3 Things to Know About Fertilizer | PlantTAGG
50933
post-template-default,single,single-post,postid-50933,single-format-standard,cabin-core-1.0.0,select-child-theme-ver-1.0.0,select-theme-ver-3.0,ajax_fade,page_not_loaded,,smooth_scroll,wpb-js-composer js-comp-ver-5.7,vc_responsive
 

3 Things You Need to Know About Fertilizer to Get the Yard of Your Dreams

shovel and rake prepping fertilizer

3 Things You Need to Know About Fertilizer to Get the Yard of Your Dreams

There are 17 elements vital for plant survival and growth. One is the most important steps is fertilization. Determining the right fertilizer is essential for a successful season in your garden and yard. In this post, we review the three most important factors to consider when determining which fertilizer is right for your home garden.

 

1 – Fertilizer NPK Ratio

Fertilizers are labeled with an NPK ratio, which tells you the proportion of nitrogen, phosphorus and potassium. These three elements are the most commonly deficient in soils. Nitrogen helps plants form new leaves and stems. Phosphorus supports a robust root system and flower production. And potassium helps your plants adapt to abrupt environmental changes, such as a heat spike or a cold snap. Potassium also assists in overall plant health – color, size, fruit, flower production. If you hear the term “incomplete fertilizer,” it means the formula is missing one of the three essential nutrients, and you will see a “0” in its place on the label (ex: 15-0-0).

 

Key Take-Away: Check your specific plant to determine the optimal NPK ratio. For blooming plants, consider a fertilizer lower in nitrogen and potassium but higher in phosphorus, which will encourage flower production. In contrast, your lawn grass typically needs a fertilizer with a much higher percentage of nitrogen than the other components.

 

2 – Synthetic vs. Organic

Ever wonder whether a synthetic or organic fertilizer is better? The answer may be…It depends! Synthetic fertilizers are chemically derived and usually do not contain any other micronutrients. These fertilizers can provide plants with nutrients more quickly, which can be beneficial for a distressed plant. While synthetic formulas are cheaper (usually) than organic, they are not as environmentally friendly.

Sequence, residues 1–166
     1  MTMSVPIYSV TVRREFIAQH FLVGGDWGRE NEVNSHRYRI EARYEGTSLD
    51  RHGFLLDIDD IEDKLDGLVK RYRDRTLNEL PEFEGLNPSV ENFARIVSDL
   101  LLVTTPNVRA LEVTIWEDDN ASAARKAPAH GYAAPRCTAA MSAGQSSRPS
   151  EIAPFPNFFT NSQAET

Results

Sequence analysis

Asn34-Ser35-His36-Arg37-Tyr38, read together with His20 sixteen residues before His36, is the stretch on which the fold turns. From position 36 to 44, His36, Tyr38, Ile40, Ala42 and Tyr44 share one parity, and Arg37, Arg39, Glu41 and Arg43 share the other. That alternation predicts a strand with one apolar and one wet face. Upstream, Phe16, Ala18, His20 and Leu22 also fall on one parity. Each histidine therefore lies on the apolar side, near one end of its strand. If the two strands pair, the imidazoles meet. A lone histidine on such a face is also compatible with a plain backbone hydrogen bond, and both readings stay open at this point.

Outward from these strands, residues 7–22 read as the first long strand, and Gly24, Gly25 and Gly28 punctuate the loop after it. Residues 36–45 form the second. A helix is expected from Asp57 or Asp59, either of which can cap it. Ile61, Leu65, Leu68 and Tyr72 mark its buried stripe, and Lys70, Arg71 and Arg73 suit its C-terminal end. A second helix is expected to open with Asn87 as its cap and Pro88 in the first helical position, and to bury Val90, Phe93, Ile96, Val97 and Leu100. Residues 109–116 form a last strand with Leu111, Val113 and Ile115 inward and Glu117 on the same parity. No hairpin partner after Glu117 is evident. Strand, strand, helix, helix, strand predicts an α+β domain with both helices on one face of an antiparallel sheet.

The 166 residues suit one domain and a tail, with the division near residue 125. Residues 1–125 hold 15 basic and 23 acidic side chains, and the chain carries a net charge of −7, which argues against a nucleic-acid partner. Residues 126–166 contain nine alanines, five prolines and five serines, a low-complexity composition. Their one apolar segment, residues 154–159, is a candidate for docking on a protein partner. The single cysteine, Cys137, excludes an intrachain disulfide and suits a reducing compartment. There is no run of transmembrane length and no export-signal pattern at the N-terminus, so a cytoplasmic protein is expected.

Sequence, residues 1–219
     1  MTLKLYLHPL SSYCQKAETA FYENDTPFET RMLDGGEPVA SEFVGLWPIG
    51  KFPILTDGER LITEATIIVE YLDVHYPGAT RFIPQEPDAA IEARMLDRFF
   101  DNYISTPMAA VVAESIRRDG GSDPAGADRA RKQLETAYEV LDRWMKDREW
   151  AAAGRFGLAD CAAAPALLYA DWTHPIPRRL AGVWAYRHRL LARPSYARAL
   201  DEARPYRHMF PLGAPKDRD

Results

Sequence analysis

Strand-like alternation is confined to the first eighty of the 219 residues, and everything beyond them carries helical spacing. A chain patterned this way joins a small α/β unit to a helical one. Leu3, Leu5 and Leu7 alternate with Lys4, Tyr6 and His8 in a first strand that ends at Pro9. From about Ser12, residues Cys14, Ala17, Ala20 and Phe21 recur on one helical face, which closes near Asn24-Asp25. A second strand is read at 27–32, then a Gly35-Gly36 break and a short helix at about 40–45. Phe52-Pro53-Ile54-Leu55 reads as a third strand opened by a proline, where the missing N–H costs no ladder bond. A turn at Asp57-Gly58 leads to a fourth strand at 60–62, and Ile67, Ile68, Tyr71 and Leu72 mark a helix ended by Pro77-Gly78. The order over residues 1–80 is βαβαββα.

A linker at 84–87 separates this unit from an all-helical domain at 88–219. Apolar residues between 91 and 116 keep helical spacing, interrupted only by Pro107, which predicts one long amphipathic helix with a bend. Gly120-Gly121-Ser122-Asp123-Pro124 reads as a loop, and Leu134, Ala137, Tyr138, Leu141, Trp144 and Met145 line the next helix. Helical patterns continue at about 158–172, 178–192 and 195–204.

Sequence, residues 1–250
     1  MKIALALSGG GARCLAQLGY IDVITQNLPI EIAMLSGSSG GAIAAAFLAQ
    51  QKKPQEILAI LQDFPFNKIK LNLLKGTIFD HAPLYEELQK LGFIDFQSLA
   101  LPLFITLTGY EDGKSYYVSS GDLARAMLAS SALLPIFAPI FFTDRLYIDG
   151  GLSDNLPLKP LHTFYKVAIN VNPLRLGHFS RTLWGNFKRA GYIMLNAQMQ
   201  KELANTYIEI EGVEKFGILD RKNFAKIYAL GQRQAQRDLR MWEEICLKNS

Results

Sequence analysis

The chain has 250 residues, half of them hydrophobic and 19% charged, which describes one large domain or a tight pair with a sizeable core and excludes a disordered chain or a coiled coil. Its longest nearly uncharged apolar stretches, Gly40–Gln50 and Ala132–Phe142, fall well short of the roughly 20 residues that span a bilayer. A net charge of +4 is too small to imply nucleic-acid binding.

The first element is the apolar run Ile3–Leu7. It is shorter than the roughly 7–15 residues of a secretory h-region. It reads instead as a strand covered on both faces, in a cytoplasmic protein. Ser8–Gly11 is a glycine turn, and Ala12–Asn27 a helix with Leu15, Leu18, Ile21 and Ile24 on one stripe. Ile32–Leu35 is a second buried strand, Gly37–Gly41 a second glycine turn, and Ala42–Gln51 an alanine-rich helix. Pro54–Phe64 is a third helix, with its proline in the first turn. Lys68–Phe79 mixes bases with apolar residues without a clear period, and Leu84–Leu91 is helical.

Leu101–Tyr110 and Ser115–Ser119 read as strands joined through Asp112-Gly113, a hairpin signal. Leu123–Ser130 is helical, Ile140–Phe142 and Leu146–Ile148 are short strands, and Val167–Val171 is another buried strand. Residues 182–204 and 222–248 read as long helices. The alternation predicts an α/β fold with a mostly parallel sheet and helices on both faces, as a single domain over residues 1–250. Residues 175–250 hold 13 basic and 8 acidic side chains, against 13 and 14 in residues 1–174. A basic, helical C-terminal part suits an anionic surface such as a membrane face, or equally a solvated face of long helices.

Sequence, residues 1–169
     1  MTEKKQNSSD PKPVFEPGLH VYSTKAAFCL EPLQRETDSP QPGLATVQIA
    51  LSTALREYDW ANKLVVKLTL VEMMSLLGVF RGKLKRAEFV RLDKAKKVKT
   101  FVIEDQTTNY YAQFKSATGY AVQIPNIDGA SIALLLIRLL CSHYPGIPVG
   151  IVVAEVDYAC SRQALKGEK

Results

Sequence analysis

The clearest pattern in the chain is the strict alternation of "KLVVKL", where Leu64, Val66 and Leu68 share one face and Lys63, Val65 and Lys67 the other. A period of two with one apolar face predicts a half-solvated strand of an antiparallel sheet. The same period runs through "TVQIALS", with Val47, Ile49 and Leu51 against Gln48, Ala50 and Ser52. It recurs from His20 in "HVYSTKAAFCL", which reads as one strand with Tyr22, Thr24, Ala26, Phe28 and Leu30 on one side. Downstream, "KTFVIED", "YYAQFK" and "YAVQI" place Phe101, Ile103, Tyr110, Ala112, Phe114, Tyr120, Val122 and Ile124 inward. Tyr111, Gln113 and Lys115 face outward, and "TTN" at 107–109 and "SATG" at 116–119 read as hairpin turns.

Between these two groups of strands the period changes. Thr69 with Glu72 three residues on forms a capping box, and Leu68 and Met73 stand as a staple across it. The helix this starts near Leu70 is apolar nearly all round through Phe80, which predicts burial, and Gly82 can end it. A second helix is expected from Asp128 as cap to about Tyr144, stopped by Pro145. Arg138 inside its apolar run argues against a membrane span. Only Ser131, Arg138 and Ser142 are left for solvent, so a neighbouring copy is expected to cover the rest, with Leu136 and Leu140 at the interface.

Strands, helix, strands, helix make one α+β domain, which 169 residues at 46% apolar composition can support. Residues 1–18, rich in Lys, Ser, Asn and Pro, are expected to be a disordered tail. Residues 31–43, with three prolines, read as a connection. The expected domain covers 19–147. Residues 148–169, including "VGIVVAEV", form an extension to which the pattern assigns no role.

Organic formulas are made from the remains of living organisms and provide nutrients more slowly as they are broken down by bacteria found in soil. Organic fertilizers are rich with microorganisms, which are vital for the well-being of your plants by improving soil structure. It is much easier to damage plants with a synthetic fertilizer through over-application than with organic formulas.

 

Key Take-Away: If you are dealing with distressed plants and need a quick fix, synthetic fertilizers may be the way to go. If you have the time and are working to improve the soil structure for a longer-term solution to building up your landscape, then organic fertilizers may be right for you.

 

3 – Granular vs. Liquid

Fertilizers come in two primary forms: liquid and granular. Liquid fertilizers are easy to apply and act quickly to provide nutrients to plants. However, you must be careful in diluting the concentrate adequately to avoid damaging your plants.

 

Further, liquid formulas require more frequent applications. They are ideal for container gardens or as a supplement to a granular fertilizer when plants need a quick boost during the growing season. Granular fertilizers are worked into the soil, and their nutrients are absorbed more slowly. A slow-release, granular formula can be used to feed plants for several months. Improper application of a granular fertilizer can adversely impact your garden, so always follow package instructions.

 

Key Take-Away: If you are looking for ways to create pops of color with container gardens, then try a liquid fertilizer for a quick boost. If you’re looking to feed a new bed before the growing season, then granular fertilizers may be the best solution.

 

Additional Considerations for Fertilizing

Soil pH has a direct impact on whether a plant will be able to absorb nutrients. A plant will have a pH preference range where it can utilize nutrients for a maximum benefit. Even if you provide the plant with the proper nutrients, the soil pH should be optimized. If not, the plant may struggle. Kits are available to test soil pH, and you can amend the soil with certain products, namely lime to raise pH and sulfur or aluminum sulfate to lower pH.

 

Timing is another aspect to consider. The general rule for an annual fertilizer is to apply in early spring, being mindful to wait until after the last frost. Vegetables benefit from more frequent applications throughout the growing season to increase growth and productivity. Depending on where you live, your lawn may benefit from applications in Spring, Summer and Fall as well.

 

Not all plants require fertilizing. Mature trees and shrubs, if healthy, likely won’t need any supplemental fertilizer. In contrast, flowering annuals and perennials, fast-growing lawns, and vegetables often require a nutrient boost through a fertilizer formula.

 

Next Steps

As you are looking to create your home lawn and garden, selecting the right fertilizer is an important step. It is best to under-fertilize rather than over-fertilize as too much fertilizer can burn and even kill your plants. When in doubt, ask your local garden center for advice – or check out our ‘Ask an Expert’ feature in the PlantTAGG app, and we can help you get started for no charge. We’d love to show you — Simply text ‘PLANTS’ to 46376 to set up your yard today! 

Post a Comment